Ages 2-4
Tiny T. Rex is all about Halloween, and he’s ready to share with us what it takes to be a Treat-master! This delightful board book lays out the Six Tricks of Treating, according to Tiny T. Rex and his best friend, Pointy. Kids will love the step-by-step process, from costumes (try them all on!) to staying warm, to trick or treating with friends. Tiny makes sure to remind little Treaters to be kind and gracious, and that candy shared is much better than candy eaten alone. Tiny is cheerful and upbeat; the sentences are simple and to the point, injected with humor and kindness. Illustrations make this book a win – I can’t read Tiny books without squealing as I turn to each spread – with Tiny and friends dressed in adorable costumes. Cute details throughout, like Pointy’s and Tiny’s experimentation with bubble gum, and the costume montage, will have readers heading for this book again and again. A wonderful introduction to Halloween for little ones.
Owl Has a Halloween Party, Illustrated by Jannie Ho, (July 2021, Nosy Crow), $8.99, ISBN: 9781536217346
Ages 0-4
This cute little story about an Owl throwing a Halloween party for his friends is loaded with durable pull-tabs that babies and toddlers will play with for hours! Owl is having a Halloween party, and readers can help him look for his friends. Each page features a pull tab that reveals owl’s friends, hiding in costume. An astronaut monkey and princess frog peek out from behind pumpkins; a pirate lion and flowery bear hide behind treees. Tabs stick out from the book, showing a variety of friendly animals peeking out in all directions. Simple sentences are good for emerging readers and for a little lapsit storytime. Let your little ones play hide and seek with the animal friends, and identify who each could be; point out colors; count bats and pumpkins: there are so many great ways to extend the fun here.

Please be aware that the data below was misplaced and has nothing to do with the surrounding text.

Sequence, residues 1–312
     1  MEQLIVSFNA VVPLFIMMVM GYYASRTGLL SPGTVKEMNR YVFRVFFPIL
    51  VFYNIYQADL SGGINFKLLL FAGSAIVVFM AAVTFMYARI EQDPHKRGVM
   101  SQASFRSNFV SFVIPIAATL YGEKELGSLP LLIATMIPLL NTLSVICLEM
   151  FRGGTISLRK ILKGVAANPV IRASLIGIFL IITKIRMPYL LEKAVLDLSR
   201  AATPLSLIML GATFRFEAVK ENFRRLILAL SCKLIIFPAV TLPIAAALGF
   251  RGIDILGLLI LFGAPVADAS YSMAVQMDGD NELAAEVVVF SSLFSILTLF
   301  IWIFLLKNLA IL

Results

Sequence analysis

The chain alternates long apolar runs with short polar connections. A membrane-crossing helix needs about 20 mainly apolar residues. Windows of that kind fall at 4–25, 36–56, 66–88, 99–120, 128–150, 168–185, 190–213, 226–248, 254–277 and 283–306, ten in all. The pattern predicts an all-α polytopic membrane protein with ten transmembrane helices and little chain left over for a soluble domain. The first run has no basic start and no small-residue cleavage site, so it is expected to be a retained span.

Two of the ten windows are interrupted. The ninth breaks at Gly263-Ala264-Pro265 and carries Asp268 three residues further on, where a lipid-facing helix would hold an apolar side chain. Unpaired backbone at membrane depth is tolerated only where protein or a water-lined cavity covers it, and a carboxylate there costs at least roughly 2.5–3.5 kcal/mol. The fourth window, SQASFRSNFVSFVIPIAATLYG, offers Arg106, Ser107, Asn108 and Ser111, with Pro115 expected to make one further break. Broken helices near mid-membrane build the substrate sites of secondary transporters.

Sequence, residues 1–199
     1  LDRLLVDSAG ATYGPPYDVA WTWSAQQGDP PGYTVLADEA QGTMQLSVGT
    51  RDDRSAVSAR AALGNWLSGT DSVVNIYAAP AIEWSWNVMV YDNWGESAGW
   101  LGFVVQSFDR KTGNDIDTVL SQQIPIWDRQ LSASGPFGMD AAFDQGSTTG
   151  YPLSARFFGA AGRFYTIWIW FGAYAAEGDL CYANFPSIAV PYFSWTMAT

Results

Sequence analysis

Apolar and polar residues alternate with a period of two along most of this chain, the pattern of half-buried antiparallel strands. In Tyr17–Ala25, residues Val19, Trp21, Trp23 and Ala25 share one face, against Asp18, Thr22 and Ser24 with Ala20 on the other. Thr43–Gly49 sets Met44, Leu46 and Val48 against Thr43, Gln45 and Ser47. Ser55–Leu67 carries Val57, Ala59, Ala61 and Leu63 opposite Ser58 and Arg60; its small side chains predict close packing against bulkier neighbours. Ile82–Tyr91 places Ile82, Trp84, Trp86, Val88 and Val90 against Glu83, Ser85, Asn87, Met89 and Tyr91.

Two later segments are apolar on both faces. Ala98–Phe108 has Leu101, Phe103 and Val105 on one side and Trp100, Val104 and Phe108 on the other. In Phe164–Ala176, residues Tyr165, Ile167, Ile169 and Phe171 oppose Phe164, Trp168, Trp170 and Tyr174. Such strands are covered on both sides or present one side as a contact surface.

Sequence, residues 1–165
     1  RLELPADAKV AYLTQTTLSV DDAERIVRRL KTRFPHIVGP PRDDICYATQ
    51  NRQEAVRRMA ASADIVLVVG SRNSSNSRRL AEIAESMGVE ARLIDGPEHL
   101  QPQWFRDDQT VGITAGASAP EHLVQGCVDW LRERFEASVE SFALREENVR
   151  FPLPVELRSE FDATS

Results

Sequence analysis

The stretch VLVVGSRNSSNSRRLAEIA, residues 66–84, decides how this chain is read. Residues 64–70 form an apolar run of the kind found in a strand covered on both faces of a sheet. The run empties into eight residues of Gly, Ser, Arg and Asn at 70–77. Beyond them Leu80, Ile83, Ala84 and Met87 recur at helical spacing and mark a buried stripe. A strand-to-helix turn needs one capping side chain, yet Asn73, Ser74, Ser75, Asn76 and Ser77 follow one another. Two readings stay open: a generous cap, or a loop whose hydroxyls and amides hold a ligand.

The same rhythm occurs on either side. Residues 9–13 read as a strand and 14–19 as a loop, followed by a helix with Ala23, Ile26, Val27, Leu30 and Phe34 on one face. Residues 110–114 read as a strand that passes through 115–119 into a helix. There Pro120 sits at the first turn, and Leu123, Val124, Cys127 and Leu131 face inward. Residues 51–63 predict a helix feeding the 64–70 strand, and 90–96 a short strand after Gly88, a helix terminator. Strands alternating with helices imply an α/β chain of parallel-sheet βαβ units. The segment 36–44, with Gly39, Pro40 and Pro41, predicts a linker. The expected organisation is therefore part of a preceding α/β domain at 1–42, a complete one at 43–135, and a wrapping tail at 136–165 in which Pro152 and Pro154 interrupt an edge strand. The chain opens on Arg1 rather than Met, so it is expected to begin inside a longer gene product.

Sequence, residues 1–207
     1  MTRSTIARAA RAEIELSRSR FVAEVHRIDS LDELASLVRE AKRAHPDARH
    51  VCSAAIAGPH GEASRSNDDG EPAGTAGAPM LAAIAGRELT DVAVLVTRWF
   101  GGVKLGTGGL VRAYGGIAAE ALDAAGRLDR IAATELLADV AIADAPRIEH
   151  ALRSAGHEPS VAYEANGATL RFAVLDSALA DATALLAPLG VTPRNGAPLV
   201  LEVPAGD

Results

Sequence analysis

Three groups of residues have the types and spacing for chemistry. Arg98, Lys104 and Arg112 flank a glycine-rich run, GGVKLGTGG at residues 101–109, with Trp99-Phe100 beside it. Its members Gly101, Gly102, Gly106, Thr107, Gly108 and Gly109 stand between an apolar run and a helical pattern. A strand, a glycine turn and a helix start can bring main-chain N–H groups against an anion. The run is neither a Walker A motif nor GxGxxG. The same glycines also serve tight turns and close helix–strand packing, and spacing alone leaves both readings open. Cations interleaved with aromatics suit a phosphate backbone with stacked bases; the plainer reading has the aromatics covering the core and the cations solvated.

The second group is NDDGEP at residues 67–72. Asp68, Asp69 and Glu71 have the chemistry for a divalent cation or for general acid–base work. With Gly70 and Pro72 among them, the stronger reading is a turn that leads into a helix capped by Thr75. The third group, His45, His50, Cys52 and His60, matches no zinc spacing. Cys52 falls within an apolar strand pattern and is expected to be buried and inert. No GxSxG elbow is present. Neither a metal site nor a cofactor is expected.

My First Pop-Up Mythological Monsters, by Owen Davey, (Oct. 2021, Candlewick Studio), $17.99, ISBN: 9781536217643
Ages 3-7
Owen Davey introduces young readers to the world of mythological monsters in his follow-up to My First Pop-Up Dinosaurs (2019). Taking readers all around the world, My First Pop-Up Monsters encounters 15 faces familiar and new, as each spread reveals bold and colorful creatures rising off the pages, with a brief descriptive note and country of origin. Kids will likely recognize Greece’s Cyclops and the Minotaur, but have they met the Ushi-Oni from Japan, or Sarimanok from the Philippines? Absolute fun, with beautiful illustration and detail; this is a great book for kids and grownups alike.

Author:

I'm a mom, a children's librarian, bibliophile, and obsessive knitter. I'm a pop culture junkie and a proud nerd, and favorite reads usually fall into Sci-Fi/Fantasy. I review comics and graphic novels at WhatchaReading (http://whatchareading.com). I'm also the co-founder of On Wednesdays We Wear Capes (http://www.onwednesdays.net/), where I discuss pop culture and geek fandom from a female point of view.